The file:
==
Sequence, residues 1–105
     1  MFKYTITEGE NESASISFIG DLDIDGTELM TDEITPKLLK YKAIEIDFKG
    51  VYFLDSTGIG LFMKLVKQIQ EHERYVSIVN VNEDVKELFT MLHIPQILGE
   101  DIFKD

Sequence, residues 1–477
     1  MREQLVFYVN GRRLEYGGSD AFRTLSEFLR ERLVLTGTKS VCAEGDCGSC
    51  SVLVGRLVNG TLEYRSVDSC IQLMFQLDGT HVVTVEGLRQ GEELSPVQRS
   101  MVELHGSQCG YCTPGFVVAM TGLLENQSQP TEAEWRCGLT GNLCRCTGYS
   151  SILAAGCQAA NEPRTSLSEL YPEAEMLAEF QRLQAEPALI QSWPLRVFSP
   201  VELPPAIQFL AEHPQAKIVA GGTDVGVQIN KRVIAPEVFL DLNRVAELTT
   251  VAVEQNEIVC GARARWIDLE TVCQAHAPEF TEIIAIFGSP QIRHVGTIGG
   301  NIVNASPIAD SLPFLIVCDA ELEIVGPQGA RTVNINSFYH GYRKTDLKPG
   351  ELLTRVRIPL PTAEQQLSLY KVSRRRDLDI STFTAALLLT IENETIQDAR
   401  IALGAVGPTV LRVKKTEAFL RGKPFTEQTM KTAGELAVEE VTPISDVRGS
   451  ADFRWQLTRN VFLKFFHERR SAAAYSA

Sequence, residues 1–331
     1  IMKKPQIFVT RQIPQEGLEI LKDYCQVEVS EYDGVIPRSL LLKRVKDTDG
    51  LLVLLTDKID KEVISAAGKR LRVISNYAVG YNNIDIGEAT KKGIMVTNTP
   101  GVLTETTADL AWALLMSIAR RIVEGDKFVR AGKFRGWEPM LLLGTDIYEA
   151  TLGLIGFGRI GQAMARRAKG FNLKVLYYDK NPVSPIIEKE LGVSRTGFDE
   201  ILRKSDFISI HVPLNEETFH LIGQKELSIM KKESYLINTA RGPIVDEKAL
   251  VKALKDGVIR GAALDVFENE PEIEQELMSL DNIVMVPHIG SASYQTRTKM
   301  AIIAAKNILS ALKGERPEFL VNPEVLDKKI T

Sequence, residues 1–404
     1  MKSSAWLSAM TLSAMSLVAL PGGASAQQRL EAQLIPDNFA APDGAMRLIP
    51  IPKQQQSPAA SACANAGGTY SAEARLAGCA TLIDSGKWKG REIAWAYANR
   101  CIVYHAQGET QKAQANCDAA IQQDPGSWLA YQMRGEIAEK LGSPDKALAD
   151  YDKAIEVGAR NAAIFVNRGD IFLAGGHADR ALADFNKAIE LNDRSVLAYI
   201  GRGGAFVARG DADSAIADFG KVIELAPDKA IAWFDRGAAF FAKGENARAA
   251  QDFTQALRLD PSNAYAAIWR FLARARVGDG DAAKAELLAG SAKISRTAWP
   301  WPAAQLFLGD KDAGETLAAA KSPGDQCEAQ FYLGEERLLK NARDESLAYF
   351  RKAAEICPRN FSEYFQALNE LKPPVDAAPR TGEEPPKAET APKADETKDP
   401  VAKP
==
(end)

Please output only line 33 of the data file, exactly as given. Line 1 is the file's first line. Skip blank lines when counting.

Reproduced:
   401  VAKP